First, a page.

A big thank you to Old Barn Books for inviting me to be part of the blog tour for an exciting debut picture book from Bryony Thomson
The Wardrobe Monster
Old Barn Books
As a small child I can remember having a phase of being scared to go to bed. For me the cause of the terror wasn’t a wardrobe monster: I was convinced the resident owl from the oak tree in our garden had fallen down the chimney and was flapping around in there, ready to fly out into the bedroom at any moment. The fact that there was a chest of drawers in front of the fireplace made no difference.
We eventually discovered that a stray branch from a cherry tree in our neighbour’s garden tapping on the window when the wind blew was the cause of the trouble.
I wish I’d had something like Bryony Thomson’s debut picture book to reassure me.
Like many young children, Dora the child protagonist of her story suffers from fears about the dark.
Lack of sleep means that she, along with bedfellows Penguin, Lion and Bear are in a bad mood at breakfast time.
This bad mood lasts throughout the entire day and come bedtime, Dora employs delaying tactics.
What exactly is the cause of the problem?
There are sounds coming from inside the wardrobe – a wardrobe monster no less.
Can Dora and her toy friends face their fears and confront that monster? After all, they only need to open the cupboard door when the banging starts …
The smudgy nature of Bryony’s superbly expressive illustrations makes her characters all the more huggably adorable – even the one responsible for the scary noises.
Red Reading Hub is thrilled to be part of the blog tour for Bryony’s book: here she talks about her favourite childhood books:
Picture books weren’t a big part of my life as a child, I’ve checked with my parents and I just didn’t really have many. Stories and reading, however, were still hugely important and many of my earliest memories involve being read to by my Mum or Dad, snuggled up against them and cocooned in the magical world created by the story.
Winnie-the-Pooh by A. A. Milne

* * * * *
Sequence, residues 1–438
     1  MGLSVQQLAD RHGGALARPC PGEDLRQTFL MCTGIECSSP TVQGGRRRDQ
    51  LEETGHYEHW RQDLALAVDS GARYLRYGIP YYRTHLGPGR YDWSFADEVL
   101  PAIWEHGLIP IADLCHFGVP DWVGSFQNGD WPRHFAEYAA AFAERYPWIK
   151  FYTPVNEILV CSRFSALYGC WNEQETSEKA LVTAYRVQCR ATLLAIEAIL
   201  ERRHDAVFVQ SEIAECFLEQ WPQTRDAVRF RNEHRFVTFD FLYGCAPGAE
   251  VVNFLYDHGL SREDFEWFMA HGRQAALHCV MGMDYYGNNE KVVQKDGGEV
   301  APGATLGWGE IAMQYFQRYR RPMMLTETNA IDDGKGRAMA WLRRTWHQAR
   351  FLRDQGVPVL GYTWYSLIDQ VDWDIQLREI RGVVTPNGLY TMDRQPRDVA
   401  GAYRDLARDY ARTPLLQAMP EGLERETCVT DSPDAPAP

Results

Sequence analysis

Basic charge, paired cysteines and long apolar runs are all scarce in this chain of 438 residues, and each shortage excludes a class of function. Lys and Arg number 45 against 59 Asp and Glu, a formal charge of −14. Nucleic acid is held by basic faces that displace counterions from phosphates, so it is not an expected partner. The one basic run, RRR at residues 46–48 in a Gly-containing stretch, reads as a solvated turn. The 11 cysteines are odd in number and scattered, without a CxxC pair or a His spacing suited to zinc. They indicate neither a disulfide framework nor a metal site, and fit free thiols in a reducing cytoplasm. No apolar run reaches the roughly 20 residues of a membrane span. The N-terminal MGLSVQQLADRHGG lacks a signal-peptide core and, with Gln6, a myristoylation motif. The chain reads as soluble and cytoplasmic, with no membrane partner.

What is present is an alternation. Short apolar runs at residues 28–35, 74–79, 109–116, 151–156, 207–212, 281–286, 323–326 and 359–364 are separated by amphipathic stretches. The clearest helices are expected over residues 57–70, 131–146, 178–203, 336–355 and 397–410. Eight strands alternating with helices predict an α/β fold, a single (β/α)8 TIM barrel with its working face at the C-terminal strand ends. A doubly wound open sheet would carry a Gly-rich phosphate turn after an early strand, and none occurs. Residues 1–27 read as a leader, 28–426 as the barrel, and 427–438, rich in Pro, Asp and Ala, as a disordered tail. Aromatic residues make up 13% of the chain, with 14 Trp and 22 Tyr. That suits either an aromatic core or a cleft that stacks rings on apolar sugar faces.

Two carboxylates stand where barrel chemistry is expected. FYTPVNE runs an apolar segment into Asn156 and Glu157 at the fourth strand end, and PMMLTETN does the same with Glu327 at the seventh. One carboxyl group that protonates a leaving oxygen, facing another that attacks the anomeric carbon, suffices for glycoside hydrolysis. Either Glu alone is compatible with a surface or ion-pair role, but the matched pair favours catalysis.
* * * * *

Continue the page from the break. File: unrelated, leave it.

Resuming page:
Winnie-the-Pooh was a favourite amongst my whole family and I am lucky enough to still have my full colour hardback copy complete with maps of “100 Aker Wood” as endpapers. I was particularly fond of the incident where Pooh goes to visit Rabbit, eats too much honey and condensed milk and gets stuck trying to leave the rabbit hole. The characters all had such distinctive voices and I can still hear them in my head (the way my Dad used to read them). Somehow because the locations in the story are so familiarly English you felt like you were a part of it and when out for a walk might at any moment bump into Eeyore or Pooh or come across a heffalump trap.
There’s No Such Thing As A Dragon by Jack Kent
There’s No Such Thing As A Dragon was one of the few picture books I owned, purchased when one of the travelling book fairs came to our school; I can remember picking it off the shelf! What I loved about the book then, and still do now, is the complicity between Billy Bixbee and the reader who both acknowledge the dragons existence, set against Mother’s complete refusal to see what is going on right under her nose. The illustrations are brilliant as well, there is so much life and character in them, especially the dragon with his obsession for Buttercup Bread.
George Mouse’s First Summer by Heather S. Buchanan
I must be honest I have very little recollection of the actual story of George Mouse’s First Summer. It was published the same year I was born and I think my parents must have started reading it to me when I was very small. I do remember the illustrations which were tiny and beautifully intricate, but what I remember most of all, and what made this one of my all time favourite books, was that one of the mice (George’s eldest sister) was called Bryony. As a child with an unusual name – in the 80s probably even less common than it is now – this was HUGE for me! I felt a sense of ownership over this book like no other before or since.
Ballet Shoes by Noel Streatfeild
Ballet Shoes was a book my Mum and I shared together. The book itself was the old hardback copy she had been read when she was a little girl. At the time I was obsessed with ballet myself and so the book had an innate attraction but what really sticks in my memory is the characters rather than the story. They felt like real people and in the differing personalities of the three sisters there was always someone you could identify with.
War Horse by Michael Morpurgo
War Horse is one of the first books I have a really clear memory of voluntarily reading myself. I’m sure there were others before it but it was the first book which I remember surreptitiously reading under the duvet when I was meant to be asleep. It was the first book that made me cry and the first book that I tried to illustrate; I still read it every couple of years. Again it was the characters that won me over, despite being a horse I felt as though I knew Joey like a friend and when Topthorn died I was devastated. The book gave me a completely new perspective on World War I, which we had touched on briefly in school and awoke an interest in history which has continued ever since.
Thank you Bryony and I hope readers will follow the tour on some of the other blogs; tomorrow is the turn of Playing By the Book.